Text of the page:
Main set: Good Man/Hopeful/Me & Jiggs/Southern Pacifica/Harrisburg/Right Moves/Kathleen/The Temptation of Adam (solo)/”Devil in His Eye” (solo)/”Get Yourself Back to the Country” (solo)/Here at the Right Time/Lantern/Wolves/New Lover/Naked As a Window–>Girl in the War/Joy to You Baby/Lillian, Egypt

Encore set: Roll On/To the Dogs or Whoever

Blah, blah, blah.

I’m not finishing this one.


(digital flyer)

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Stuff I’ve Been Reading: A Monthly Column (7/14)

I took a month off from this website and spent a lot of my extra time reading books.  I read so many, in fact, that I had to divide my book writing into two posts.  This first one documents my thoughts on The Best American Comics 2013 anthology and the graphic novels it inspired me to read.  The second post will be about the other books I read during my time away.

The Best American Comics 2013–Jeff Smith (editor)
I own the first six volumes of the Best American Comics series.  I disliked 2011’s anthology so much that I skipped right over 2012 and only got back into the series this year because I liked Kate Beaton’s cover art so much.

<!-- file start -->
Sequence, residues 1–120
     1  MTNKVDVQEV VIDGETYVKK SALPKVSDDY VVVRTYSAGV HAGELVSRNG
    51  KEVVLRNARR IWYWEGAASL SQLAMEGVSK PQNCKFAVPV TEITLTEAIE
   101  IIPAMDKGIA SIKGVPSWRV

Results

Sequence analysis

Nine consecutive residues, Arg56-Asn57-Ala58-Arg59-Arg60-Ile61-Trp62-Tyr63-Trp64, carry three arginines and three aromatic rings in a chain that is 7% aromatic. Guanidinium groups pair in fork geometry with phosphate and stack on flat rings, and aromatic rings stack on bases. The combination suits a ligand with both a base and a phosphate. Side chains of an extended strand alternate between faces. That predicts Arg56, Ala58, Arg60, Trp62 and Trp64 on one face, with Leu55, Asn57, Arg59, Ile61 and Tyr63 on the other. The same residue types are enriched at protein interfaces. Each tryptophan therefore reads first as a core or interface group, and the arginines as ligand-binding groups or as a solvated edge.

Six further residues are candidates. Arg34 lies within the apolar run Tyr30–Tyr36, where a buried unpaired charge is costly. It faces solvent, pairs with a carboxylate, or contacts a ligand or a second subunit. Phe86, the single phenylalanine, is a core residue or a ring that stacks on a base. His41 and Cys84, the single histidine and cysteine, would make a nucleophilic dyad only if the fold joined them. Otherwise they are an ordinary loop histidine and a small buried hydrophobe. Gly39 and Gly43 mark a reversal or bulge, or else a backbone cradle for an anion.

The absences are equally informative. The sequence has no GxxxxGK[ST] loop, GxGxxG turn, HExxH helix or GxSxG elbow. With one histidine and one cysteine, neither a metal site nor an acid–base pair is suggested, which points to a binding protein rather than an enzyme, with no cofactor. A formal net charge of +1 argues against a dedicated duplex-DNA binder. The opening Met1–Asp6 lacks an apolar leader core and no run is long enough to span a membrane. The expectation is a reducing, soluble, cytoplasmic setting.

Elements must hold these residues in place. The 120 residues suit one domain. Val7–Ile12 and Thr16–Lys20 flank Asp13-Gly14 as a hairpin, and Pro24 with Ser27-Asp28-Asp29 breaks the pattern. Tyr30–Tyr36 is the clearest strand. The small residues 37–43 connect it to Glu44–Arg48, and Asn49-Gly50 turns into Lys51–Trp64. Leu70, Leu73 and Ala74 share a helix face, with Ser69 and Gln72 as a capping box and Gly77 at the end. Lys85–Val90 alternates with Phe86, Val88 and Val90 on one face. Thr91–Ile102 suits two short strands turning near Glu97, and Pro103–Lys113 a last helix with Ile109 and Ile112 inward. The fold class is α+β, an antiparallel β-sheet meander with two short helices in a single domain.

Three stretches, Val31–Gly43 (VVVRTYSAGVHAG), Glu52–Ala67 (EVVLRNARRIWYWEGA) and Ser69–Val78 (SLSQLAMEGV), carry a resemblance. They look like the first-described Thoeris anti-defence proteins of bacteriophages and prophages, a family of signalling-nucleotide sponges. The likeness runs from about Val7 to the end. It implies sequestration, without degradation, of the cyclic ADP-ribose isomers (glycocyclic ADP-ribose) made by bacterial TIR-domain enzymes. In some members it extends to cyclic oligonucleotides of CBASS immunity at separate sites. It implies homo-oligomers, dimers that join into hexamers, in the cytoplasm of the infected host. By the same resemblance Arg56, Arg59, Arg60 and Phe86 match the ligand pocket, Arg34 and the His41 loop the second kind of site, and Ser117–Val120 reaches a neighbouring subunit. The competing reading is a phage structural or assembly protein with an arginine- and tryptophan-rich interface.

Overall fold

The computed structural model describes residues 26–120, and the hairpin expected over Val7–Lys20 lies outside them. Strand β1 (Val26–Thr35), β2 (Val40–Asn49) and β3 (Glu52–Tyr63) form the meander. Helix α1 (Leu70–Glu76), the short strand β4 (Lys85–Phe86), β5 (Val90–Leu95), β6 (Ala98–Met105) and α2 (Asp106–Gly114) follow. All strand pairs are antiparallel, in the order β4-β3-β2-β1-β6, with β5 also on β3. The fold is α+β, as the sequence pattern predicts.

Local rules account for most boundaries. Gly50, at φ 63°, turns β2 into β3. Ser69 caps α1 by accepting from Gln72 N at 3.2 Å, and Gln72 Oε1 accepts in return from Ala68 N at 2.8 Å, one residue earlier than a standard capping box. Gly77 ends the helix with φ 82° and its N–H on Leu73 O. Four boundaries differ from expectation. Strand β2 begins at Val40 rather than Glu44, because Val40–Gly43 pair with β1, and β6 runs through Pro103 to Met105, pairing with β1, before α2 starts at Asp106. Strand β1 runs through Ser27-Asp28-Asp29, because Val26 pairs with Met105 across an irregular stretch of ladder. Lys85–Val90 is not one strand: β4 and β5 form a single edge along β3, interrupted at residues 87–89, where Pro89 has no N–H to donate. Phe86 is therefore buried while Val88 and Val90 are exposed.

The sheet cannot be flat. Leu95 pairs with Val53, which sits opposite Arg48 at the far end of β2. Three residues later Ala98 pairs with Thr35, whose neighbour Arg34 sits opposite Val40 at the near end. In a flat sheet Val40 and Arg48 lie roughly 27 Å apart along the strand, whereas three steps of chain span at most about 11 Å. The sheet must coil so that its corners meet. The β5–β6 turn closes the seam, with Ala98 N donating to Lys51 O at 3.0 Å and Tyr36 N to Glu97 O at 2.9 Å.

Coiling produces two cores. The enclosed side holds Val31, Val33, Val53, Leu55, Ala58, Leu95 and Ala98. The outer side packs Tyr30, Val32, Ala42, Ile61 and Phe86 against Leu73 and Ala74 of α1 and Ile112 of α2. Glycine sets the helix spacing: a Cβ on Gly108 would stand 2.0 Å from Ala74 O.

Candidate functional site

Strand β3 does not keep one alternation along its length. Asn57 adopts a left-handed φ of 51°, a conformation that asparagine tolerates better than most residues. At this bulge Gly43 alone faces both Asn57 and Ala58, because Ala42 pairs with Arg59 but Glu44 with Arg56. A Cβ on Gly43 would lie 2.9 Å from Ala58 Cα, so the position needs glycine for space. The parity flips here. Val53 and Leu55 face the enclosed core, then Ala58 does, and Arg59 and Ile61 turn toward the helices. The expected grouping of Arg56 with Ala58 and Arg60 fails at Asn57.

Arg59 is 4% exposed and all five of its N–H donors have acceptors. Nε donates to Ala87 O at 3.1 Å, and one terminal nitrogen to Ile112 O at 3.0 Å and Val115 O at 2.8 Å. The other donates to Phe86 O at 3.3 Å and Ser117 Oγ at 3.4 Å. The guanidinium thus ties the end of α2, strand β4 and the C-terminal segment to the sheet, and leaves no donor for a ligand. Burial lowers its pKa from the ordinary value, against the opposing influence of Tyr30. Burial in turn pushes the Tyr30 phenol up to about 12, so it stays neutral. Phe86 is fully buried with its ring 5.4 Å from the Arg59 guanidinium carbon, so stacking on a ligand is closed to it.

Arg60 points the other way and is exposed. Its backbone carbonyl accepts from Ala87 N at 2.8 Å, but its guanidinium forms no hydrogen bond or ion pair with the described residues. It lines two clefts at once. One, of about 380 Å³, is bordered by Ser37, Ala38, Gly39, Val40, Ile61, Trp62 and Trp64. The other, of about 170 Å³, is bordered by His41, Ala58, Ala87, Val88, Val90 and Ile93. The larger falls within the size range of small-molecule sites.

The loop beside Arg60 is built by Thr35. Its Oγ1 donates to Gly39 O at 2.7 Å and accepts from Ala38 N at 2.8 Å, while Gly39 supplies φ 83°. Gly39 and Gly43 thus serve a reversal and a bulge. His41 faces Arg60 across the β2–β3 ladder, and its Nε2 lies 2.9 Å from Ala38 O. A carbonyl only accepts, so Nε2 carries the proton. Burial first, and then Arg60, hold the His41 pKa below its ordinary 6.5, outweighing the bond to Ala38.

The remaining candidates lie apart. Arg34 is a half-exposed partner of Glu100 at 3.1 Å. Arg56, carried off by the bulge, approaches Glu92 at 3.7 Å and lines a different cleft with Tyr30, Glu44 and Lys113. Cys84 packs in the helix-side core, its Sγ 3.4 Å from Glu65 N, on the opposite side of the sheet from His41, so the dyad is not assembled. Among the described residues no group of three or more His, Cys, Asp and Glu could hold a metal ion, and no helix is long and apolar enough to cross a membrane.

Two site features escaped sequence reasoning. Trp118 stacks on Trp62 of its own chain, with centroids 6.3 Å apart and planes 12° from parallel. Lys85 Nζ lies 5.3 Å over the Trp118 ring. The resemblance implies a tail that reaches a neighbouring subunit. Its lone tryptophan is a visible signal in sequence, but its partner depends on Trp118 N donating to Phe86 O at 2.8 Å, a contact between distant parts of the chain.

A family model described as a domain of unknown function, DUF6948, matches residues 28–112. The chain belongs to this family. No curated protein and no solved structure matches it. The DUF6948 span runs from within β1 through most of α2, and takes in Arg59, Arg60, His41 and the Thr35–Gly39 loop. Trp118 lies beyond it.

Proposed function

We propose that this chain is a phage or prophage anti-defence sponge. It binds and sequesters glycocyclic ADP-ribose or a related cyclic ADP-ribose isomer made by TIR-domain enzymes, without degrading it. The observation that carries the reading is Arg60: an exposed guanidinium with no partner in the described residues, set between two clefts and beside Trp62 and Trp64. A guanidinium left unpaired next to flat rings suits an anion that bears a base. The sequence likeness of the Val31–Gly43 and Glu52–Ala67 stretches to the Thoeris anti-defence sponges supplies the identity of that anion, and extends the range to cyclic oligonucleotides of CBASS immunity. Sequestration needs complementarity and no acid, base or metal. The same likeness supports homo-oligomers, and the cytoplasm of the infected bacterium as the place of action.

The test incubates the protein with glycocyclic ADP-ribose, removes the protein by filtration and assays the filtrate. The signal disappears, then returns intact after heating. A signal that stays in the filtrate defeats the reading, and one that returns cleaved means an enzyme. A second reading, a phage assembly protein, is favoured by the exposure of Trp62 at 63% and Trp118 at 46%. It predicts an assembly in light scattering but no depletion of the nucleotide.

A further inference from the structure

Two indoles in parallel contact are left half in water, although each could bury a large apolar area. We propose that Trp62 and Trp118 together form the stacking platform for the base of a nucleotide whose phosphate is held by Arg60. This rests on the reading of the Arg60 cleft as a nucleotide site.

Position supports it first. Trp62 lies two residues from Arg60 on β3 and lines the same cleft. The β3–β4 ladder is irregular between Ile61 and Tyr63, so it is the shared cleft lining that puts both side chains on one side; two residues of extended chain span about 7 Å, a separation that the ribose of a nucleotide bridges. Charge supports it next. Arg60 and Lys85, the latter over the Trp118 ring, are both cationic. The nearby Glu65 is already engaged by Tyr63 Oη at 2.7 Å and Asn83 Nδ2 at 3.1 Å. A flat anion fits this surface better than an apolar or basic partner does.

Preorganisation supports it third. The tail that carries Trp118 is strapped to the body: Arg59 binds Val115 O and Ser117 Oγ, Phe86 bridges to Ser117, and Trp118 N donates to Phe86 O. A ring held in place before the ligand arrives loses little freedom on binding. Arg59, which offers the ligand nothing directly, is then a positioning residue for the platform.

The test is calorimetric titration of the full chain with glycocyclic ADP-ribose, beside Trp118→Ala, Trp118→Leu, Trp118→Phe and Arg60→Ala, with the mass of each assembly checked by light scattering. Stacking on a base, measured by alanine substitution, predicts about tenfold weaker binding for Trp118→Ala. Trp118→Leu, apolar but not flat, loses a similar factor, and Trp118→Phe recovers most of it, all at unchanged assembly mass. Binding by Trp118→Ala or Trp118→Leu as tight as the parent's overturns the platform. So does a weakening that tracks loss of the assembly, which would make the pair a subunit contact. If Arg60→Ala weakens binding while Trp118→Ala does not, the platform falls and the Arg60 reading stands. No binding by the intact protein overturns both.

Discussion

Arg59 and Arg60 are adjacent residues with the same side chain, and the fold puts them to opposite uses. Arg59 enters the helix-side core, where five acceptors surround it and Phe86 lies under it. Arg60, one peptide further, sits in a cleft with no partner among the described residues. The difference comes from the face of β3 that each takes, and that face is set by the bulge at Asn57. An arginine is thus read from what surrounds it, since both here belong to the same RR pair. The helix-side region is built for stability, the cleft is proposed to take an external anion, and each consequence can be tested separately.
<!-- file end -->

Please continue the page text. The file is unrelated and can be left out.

This year’s edition started off with a very dull 25-page excerpt from Alison Bechdel’s Are You My Mother?  Despite the fact that I didn’t care for it, I was happy to read the excerpt because it convinced me I no longer needed to read the full book.  The anthology continued on with another 100+ pages of stuff that didn’t interest me in the slightest.  It wasn’t until James Kochalka’s American Elf turned up on page 131 that I found something I liked.  I ordered that book from the library along with two others I found out about in this collection, My Friend Dahmer by Derf Backderf and The Voyeurs by Gabrielle Bell.  Kate Beaton’s “Velocipede” comic from Hark! A Vagrant was so much fun that I decided to buy a copy of that book instead of checking it out from the library.  Evan Dorkin’s “Fun Strips” was enjoyable about half the time, but they were the only other highlight in the entire anthology.

I think it’s safe to say that editor Jeff Smith and I have different ideas about what constitutes quality in the world of comics.  I actively disliked a few of his selections.  Still, there was enough of an overlap between our interests to make The Best American Comics 2013 worth my time.  I got four solid books out of it, after all.  Now I’ll write about three of those: